Idealism Redux

I make no apologies for being an Idealist.

Of course, I have been criticized for it, as have many with shared values. We’ve been called naïve. We’ve been told that our Idealism is “unrealistic”. We’ve been told we need to “grow up”.

But I, for one, have a hard time equating the process of “growing up” with abandoning our dearest principles and rejecting our inclination to serve our fellow man. To my mind, Idealism means believing in something better than what we have, that we are capable of more. Believing that there are noble pursuits and goals that we should strive for, rather than accepting the status quo, which is so often marginalizing, self-serving, and oppressive. When we cease fighting for Idealism, we abandon the very things that makes us human: Compassion, Hope, Love. Shortly before her husband became the first African American President of the United States, Michelle Obama spoke eloquently about our “moral obligation to strive for America as it should be.” This is not an abstract concept or empty platitude; it is a call to action. It is a call many of us have heard and answered.

In responding to this call, we join many “grown up” Idealists throughout history. Martin Luther King, Jr. was an Idealist. He dreamt of a future where people of all skin colors lived in harmony, where discriminatory treatment was a thing of the past. I dare suggest he even dreamt of a day when a Black man could become President. Dr. King’s teacher, a brown-skinned Palestinian carpenter, was also an Idealist. Long ago, this woodworker-turned-itinerant preacher called us to love our neighbors, not to bully, degrade, reject, or strangle them in the noose of our own stubborn prejudices. Five hundred years before him, yet another Idealist, a nobleman of the Indian Shakya clan, called us to relieve humanity’s suffering by offering unconditional grace to our fellow beings, and to recognize our union with others, rather than our differences. Our capacity to care for others, regardless of personal cost or sacrifice, is an Ideal that has been promoted by countless saints of the past, prophets of today, and, God-willing, by the generations of tomorrow.

But right now, in this moment in America, we are struggling to hear this call. We have abandoned our national Idealism, erasing the “Ideal” in favor of a toxic nationalism that is wholly self-serving and absent of grace. And as those of us who persevere continue to push back against this tide of hate and callousness, we grow weary.  We find ourselves constantly having to redirect our brothers and sisters to freely available facts that have been drowned out by recycled fiction. We fend off allegations of ignorance while attempting to refocus the conversation on the many who need our help, rather than the few who exploit an already tragic situation. Even non-Christians are having to cite the most basic tenets of the faith to self-professed believers, who seem to have conveniently forgotten every word Jesus said.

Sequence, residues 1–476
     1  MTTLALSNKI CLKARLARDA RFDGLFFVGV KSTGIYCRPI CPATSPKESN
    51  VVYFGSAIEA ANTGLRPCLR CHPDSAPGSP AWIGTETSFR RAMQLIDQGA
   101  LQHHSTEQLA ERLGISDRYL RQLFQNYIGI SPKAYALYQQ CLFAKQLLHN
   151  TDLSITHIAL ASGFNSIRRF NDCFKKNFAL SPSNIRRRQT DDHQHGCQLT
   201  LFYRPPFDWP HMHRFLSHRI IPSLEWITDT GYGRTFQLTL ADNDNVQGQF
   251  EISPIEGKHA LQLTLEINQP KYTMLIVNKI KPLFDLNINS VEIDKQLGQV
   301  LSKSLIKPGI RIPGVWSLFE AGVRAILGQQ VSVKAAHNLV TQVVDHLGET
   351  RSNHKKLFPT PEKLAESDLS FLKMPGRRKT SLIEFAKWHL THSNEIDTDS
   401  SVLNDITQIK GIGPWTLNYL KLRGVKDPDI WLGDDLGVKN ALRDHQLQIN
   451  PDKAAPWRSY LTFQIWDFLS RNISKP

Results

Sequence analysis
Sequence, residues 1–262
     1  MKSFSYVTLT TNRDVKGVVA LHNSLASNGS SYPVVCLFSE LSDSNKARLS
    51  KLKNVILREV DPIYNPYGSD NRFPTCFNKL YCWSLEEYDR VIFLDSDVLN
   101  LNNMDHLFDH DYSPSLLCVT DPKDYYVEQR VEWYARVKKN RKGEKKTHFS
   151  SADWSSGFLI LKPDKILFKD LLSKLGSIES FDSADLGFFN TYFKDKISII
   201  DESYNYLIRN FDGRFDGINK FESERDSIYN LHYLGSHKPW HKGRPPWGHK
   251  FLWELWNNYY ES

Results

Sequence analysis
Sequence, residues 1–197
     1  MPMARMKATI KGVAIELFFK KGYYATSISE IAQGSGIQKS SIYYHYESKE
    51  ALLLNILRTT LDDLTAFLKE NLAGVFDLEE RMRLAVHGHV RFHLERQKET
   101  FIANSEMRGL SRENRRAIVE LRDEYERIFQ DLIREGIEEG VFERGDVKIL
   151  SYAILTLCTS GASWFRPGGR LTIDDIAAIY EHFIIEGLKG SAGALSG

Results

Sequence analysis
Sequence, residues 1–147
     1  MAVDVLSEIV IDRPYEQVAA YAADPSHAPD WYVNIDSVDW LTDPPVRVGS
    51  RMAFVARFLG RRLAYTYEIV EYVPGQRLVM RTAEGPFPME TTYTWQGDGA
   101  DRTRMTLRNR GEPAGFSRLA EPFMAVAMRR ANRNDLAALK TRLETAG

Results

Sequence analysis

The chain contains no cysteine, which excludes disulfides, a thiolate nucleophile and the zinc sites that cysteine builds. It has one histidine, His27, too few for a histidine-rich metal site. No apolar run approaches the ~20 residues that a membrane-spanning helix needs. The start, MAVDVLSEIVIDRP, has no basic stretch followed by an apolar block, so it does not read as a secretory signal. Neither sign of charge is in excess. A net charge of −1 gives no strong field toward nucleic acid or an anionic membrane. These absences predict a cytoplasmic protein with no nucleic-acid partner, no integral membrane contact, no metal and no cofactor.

It’s exhausting.

We are called to be better than this. We are called to care for the widow and the immigrant, to help the poor and treat everyone as our neighbor. Why do so many seem to believe that we are instead called to judge the many for the actions of the few, to disregard the basic human dignity possessed by all people, and to refuse to care for anyone but ourselves? Why do so many succumb to fear when the Book in which they claim to believe repeatedly demands that they “fear not”? And how does a simple truth like “black lives matter” elude so many? This phrase is not the “symbol of hate” our President would have us believe. As even staunch Republican Mitt Romney recently said, “I state the obvious, which is black lives matter.” It’s not rocket science; it’s an intuitive Truth. One that our President and Vice President and so many of their followers flagrantly refuse to concede. I find their reluctance to do so appalling.

I’m exhausted of being continually criticized for stating the obvious. I’m tired of the willful hypocrisy and the lack of common decency. I’m disgusted by the greed, insensitivity and hate. I’ve had enough of the accusations, finger-pointing, and demagoguery. If you aren’t willing to stand with the marginalized, then, for the love of God, please stand aside. Or better yet, take a seat. History is not on your side. You will fail. And we’re tired.